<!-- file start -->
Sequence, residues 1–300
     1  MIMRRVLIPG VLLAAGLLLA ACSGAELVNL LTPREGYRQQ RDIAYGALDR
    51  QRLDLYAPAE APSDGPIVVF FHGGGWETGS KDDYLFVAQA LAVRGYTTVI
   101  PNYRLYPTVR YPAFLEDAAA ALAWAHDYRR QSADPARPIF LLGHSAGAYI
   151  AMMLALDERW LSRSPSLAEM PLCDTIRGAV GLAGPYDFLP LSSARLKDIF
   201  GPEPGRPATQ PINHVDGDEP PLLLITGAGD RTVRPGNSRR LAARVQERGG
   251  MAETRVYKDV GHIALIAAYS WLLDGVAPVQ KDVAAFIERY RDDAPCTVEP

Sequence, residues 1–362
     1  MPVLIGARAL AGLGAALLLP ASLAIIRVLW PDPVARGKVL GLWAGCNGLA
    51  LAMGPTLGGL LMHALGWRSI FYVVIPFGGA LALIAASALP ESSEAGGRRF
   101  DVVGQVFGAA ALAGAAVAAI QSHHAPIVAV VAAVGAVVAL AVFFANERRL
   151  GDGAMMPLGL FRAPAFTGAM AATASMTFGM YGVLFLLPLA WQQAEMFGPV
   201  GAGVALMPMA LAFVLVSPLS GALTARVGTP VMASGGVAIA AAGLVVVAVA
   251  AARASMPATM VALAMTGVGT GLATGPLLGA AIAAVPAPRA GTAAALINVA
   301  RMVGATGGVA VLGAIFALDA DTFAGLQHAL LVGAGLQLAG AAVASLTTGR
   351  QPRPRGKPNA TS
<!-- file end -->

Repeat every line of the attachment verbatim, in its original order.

Sequence, residues 1–300
     1  MIMRRVLIPG VLLAAGLLLA ACSGAELVNL LTPREGYRQQ RDIAYGALDR
    51  QRLDLYAPAE APSDGPIVVF FHGGGWETGS KDDYLFVAQA LAVRGYTTVI
   101  PNYRLYPTVR YPAFLEDAAA ALAWAHDYRR QSADPARPIF LLGHSAGAYI
   151  AMMLALDERW LSRSPSLAEM PLCDTIRGAV GLAGPYDFLP LSSARLKDIF
   201  GPEPGRPATQ PINHVDGDEP PLLLITGAGD RTVRPGNSRR LAARVQERGG
   251  MAETRVYKDV GHIALIAAYS WLLDGVAPVQ KDVAAFIERY RDDAPCTVEP

Sequence, residues 1–362
     1  MPVLIGARAL AGLGAALLLP ASLAIIRVLW PDPVARGKVL GLWAGCNGLA
    51  LAMGPTLGGL LMHALGWRSI FYVVIPFGGA LALIAASALP ESSEAGGRRF
   101  DVVGQVFGAA ALAGAAVAAI QSHHAPIVAV VAAVGAVVAL AVFFANERRL
   151  GDGAMMPLGL FRAPAFTGAM AATASMTFGM YGVLFLLPLA WQQAEMFGPV
   201  GAGVALMPMA LAFVLVSPLS GALTARVGTP VMASGGVAIA AAGLVVVAVA
   251  AARASMPATM VALAMTGVGT GLATGPLLGA AIAAVPAPRA GTAAALINVA
   301  RMVGATGGVA VLGAIFALDA DTFAGLQHAL LVGAGLQLAG AAVASLTTGR
   351  QPRPRGKPNA TS